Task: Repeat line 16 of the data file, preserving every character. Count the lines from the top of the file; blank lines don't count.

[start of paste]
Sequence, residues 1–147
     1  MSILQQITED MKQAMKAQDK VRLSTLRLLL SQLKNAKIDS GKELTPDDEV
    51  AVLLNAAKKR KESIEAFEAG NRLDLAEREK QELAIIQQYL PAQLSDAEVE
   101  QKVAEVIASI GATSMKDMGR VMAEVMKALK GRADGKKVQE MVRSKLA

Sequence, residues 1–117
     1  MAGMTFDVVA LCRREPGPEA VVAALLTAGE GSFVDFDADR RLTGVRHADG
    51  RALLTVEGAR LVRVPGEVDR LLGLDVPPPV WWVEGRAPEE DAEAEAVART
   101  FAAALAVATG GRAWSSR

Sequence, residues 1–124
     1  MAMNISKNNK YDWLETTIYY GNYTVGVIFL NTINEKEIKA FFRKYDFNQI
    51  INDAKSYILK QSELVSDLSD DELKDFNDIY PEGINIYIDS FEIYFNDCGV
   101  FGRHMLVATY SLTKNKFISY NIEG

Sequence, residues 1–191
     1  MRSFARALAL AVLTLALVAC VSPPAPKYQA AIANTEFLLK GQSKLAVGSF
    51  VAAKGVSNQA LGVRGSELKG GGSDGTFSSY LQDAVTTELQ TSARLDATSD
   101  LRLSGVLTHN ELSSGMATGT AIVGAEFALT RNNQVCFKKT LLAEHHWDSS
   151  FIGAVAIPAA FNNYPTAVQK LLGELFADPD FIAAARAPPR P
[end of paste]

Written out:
   101  LRLSGVLTHN ELSSGMATGT AIVGAEFALT RNNQVCFKKT LLAEHHWDSS